What’s on your anti-bucket list?
Mr. D and I are so disappointed now that our favourite culinary competition -Masterchef USA – is over but what a fantastic finale it was. We knew it was going to be close as the two culinary hopefuls Luca Manfe and Natasha Crnjac battled it out for the top prize.
But we are thrilled, thrilled, THRILLED that Luca has been crowned Masterchef 2013. Out of all the contestants he was the one who had come the furthest. He’d really struggled in the beginning and we weren’t expecting him to go further than a few episodes. But he improved beyond belief and despite his on-going success he never once came across as big-headed, arrogant or cocky – unlike some of his fellow competitors. And who could forget the infamous ‘butter incident’ where Luca very magnanimously gave Jessie a stick of butter. He may not have been taken seriously initially but he did seem like a genuinely nice guy who was passionate about food; keeping his Italian heritage alive through his cooking, and his dream to start up his own restaurant. This was Luca’s second attempt at trying to compete in Masterchef and as the weeks went by and he started to progress at an astounding speed and level, it was quite clear that this guy didn’t just have passion – he had culinary talent too. We hoped Luca would win, but with so many big, forceful characters who were equally skilled and fighting to be noticed, we weren’t sure if the mild-mannered New York-based Italian stood a chance.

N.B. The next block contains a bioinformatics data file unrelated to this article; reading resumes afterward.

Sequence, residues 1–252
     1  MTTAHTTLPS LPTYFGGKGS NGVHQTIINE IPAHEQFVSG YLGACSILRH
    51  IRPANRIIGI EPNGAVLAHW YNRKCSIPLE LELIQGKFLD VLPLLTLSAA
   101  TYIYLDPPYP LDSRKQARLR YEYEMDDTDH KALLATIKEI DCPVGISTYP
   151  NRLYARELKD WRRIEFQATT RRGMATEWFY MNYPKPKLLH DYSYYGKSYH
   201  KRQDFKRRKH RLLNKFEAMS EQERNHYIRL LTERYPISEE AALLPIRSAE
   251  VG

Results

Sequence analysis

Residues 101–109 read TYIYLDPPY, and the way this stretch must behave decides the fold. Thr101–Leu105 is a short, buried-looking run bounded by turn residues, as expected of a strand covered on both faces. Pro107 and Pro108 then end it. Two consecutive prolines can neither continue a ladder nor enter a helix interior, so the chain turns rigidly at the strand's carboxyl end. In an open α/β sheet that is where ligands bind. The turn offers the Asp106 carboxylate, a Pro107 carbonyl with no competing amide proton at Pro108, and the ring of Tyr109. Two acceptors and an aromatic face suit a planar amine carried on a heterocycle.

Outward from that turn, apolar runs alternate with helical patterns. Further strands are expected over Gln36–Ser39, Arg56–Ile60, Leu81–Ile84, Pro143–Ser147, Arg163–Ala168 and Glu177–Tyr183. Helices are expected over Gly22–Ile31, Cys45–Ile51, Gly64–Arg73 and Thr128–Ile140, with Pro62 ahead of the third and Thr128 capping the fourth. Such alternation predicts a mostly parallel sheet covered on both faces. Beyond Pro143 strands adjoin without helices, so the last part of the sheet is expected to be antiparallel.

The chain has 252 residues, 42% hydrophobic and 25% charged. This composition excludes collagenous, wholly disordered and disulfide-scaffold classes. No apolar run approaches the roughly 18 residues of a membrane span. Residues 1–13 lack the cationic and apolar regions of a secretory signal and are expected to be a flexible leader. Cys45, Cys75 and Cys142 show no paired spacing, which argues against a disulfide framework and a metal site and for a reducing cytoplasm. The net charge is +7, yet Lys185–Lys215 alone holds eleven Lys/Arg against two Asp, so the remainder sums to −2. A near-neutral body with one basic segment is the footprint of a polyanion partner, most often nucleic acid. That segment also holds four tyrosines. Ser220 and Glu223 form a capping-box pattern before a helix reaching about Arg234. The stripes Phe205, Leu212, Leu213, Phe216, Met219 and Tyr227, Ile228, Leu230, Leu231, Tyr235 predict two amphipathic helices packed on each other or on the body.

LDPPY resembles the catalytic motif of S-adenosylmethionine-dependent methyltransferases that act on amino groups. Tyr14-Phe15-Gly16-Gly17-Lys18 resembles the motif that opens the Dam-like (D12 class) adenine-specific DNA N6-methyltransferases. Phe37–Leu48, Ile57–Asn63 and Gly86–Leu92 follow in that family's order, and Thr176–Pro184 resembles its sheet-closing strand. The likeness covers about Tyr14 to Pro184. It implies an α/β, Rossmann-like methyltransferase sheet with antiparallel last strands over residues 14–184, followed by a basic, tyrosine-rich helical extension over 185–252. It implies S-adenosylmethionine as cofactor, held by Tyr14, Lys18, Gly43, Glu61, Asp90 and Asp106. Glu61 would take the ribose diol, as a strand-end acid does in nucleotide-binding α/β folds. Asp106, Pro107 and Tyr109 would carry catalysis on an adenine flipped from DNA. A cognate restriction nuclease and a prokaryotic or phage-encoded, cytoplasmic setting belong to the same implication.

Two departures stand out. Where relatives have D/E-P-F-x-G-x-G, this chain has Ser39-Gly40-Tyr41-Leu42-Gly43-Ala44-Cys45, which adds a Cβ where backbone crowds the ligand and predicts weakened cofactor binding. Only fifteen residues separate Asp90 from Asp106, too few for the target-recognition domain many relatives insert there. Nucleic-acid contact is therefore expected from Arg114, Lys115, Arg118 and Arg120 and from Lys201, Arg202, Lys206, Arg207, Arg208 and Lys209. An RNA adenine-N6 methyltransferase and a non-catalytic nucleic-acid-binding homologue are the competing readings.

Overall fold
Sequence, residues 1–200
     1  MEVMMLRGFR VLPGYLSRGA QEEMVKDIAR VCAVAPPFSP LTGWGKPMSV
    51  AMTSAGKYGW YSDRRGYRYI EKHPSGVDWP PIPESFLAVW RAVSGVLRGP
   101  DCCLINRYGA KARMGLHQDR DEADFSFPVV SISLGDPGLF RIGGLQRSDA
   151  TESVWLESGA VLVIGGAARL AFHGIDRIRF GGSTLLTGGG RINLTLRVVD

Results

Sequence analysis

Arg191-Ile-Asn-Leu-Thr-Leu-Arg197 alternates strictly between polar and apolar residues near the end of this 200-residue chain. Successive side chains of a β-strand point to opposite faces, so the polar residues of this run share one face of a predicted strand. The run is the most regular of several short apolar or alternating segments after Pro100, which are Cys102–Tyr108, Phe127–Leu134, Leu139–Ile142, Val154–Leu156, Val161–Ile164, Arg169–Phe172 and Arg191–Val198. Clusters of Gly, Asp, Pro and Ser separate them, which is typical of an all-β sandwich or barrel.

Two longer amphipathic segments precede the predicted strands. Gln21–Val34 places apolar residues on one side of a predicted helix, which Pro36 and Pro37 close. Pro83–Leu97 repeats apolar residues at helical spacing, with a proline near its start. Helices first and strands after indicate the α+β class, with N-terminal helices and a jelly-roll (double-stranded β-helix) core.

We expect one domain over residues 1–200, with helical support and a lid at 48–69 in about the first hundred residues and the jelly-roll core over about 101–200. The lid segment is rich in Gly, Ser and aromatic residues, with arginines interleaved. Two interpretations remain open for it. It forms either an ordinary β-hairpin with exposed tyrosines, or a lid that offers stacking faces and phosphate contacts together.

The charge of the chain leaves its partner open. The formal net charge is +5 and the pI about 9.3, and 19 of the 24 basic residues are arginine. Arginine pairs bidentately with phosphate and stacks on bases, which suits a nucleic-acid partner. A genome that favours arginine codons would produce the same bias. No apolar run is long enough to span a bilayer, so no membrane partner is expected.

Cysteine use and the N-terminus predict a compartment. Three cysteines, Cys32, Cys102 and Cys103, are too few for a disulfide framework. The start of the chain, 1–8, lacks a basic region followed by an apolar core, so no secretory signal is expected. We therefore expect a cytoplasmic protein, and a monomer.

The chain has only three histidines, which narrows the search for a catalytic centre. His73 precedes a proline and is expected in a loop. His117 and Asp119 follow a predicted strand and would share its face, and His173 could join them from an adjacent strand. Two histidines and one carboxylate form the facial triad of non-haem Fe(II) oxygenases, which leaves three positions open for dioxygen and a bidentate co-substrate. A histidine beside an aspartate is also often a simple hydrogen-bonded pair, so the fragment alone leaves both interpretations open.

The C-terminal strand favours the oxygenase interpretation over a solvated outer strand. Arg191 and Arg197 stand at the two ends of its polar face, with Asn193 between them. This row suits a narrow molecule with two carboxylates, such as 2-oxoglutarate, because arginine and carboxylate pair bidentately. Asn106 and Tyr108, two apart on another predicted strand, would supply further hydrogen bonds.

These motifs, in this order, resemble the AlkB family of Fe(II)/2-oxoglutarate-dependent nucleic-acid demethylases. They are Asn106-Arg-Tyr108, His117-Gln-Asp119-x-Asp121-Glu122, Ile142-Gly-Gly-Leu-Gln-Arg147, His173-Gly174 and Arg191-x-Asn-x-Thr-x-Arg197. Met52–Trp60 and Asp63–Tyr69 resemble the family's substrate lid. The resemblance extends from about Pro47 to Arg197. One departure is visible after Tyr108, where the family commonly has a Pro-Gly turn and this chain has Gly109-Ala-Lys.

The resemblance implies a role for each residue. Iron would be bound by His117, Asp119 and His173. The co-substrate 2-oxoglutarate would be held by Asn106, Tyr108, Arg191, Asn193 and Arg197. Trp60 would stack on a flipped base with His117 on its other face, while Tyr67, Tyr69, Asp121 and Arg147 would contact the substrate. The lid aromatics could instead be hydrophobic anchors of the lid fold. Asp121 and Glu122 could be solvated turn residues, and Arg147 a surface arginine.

The finale kicked off with an emotional start as the two contestants were reunited with their family and friends, including Luca’s sister and father who flew in from Italy – and yes, I did get a little weepy! But then sentimentality was put aside as Natasha and Luca had to prepare a three course meal for the Masterchef judges, Gordon Ramsay, Graham Elliott and Joe Bastianich. This is where the excitement began and there were more twists and turns than at a breakdancing competition: The judges loved Natasha’s food… no the judges loved Luca’s food… Luca has a near melt-down as he realises he has forgotten to strain the panna cotta… Natasha ditches half of her dessert when she sees it hasn’t set right… Krissy and Natasha have a last war of words… the judges very nearly declare a draw – it was all happening!